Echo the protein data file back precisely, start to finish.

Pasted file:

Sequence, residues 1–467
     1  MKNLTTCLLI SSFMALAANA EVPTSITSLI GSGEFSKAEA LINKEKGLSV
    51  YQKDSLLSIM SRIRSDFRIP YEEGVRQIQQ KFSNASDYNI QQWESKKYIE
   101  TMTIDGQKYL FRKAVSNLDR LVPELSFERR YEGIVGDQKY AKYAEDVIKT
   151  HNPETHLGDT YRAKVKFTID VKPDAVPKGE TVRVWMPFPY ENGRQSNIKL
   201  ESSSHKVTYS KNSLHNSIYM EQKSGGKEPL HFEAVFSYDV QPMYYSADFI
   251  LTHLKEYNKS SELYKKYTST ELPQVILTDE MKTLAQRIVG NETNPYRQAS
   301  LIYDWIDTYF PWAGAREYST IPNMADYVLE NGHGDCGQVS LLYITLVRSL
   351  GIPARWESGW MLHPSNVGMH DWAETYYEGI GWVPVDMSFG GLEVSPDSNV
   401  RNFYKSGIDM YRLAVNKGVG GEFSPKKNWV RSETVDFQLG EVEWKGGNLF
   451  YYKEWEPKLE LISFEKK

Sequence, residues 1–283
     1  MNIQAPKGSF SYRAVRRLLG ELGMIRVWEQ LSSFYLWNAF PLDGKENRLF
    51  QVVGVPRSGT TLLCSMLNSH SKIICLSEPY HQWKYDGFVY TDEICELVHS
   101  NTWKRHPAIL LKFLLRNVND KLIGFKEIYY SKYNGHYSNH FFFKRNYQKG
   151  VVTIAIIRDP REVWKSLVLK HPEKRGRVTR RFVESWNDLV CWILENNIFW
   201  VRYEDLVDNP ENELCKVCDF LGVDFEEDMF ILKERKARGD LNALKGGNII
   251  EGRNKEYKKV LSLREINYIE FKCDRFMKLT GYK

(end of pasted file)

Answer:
Sequence, residues 1–467
     1  MKNLTTCLLI SSFMALAANA EVPTSITSLI GSGEFSKAEA LINKEKGLSV
    51  YQKDSLLSIM SRIRSDFRIP YEEGVRQIQQ KFSNASDYNI QQWESKKYIE
   101  TMTIDGQKYL FRKAVSNLDR LVPELSFERR YEGIVGDQKY AKYAEDVIKT
   151  HNPETHLGDT YRAKVKFTID VKPDAVPKGE TVRVWMPFPY ENGRQSNIKL
   201  ESSSHKVTYS KNSLHNSIYM EQKSGGKEPL HFEAVFSYDV QPMYYSADFI
   251  LTHLKEYNKS SELYKKYTST ELPQVILTDE MKTLAQRIVG NETNPYRQAS
   301  LIYDWIDTYF PWAGAREYST IPNMADYVLE NGHGDCGQVS LLYITLVRSL
   351  GIPARWESGW MLHPSNVGMH DWAETYYEGI GWVPVDMSFG GLEVSPDSNV
   401  RNFYKSGIDM YRLAVNKGVG GEFSPKKNWV RSETVDFQLG EVEWKGGNLF
   451  YYKEWEPKLE LISFEKK

Sequence, residues 1–283
     1  MNIQAPKGSF SYRAVRRLLG ELGMIRVWEQ LSSFYLWNAF PLDGKENRLF
    51  QVVGVPRSGT TLLCSMLNSH SKIICLSEPY HQWKYDGFVY TDEICELVHS
   101  NTWKRHPAIL LKFLLRNVND KLIGFKEIYY SKYNGHYSNH FFFKRNYQKG
   151  VVTIAIIRDP REVWKSLVLK HPEKRGRVTR RFVESWNDLV CWILENNIFW
   201  VRYEDLVDNP ENELCKVCDF LGVDFEEDMF ILKERKARGD LNALKGGNII
   251  EGRNKEYKKV LSLREINYIE FKCDRFMKLT GYK